The human body is regulated by multiple mechanisms. One of the most common mechanisms that regulates metabolic functions in the body is the principle of negative feedback. To explain how this process works we will use insulin as an example.

Insulin release is triggered by rising levels of glucose (sugar) in the blood stream. Insulin increases uptake of glucose into the cells. Some of the glucose is used while the rest is stored for later use in the form of glycogen. As insulin takes effect the levels of glucose circulating begin the decrease. This decrease in glucose levels is detected by the pancreas and as a result the pancreas decreases the amount or stops the amount of insulin released.

What happens when there is already enough glucose in the cell? What happens when the glycogen stores are completely full? The answer is Diabetes Mellitus Type 2.

This is equivalent to the gas tank in your vehicle being full; after all everything has a capacity and once that capacity is met signs begin to be readily apparent.

When the body has no more room for glucose or glycogen in the intracellular space we start see the glucose level in the blood rise. Previously this was thought to be due to insulin resistance as the cause of type 2 diabetes; but insulin resistance is just the result of excess glucose and glycogen at the intracellular level. As the intracellular glucose levels near capacity as well as the glycogen the body attempts to downregulate the transport of glucose across the cellular membrane. By performing this downregulation, we begin to see the early effects of insulin resistant. The cells are becoming insulin resistant as a protective mechanism. This in turn causes excess levels of glucose in the bloodstream of which the body attempts to eliminate via the kidneys with increase secretion of glucose in the urine. This is the natural defense mechanism of the body to attempt to regulate total body glucose metabolism.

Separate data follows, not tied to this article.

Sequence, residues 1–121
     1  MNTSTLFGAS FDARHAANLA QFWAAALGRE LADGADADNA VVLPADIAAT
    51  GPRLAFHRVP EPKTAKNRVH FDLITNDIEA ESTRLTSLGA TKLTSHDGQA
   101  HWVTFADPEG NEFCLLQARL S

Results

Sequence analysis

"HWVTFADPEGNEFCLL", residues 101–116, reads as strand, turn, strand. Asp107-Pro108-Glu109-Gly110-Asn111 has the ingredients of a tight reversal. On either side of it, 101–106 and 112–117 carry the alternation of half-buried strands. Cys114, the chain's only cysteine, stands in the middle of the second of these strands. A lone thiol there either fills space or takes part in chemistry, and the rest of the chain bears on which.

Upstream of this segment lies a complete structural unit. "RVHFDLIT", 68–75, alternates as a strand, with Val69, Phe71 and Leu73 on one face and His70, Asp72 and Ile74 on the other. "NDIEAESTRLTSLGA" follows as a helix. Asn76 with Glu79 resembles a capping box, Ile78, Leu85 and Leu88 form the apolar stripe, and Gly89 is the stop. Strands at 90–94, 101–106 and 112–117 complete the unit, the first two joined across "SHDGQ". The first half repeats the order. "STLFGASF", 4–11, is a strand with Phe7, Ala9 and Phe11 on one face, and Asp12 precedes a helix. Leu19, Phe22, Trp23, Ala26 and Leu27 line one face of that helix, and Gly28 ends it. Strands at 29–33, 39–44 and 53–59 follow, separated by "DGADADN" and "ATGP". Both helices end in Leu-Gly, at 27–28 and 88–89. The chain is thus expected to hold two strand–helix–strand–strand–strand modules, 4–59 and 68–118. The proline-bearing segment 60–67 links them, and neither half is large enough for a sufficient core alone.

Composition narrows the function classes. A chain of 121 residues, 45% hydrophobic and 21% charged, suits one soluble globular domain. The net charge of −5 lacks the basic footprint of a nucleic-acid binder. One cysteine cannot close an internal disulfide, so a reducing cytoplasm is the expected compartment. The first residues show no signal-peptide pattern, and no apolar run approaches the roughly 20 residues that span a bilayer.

The Metabolism Clinic is established as the destination for weight loss and reversal of diabetes. Based in Charlotte, North Carolina. www.themetabolismclinic.com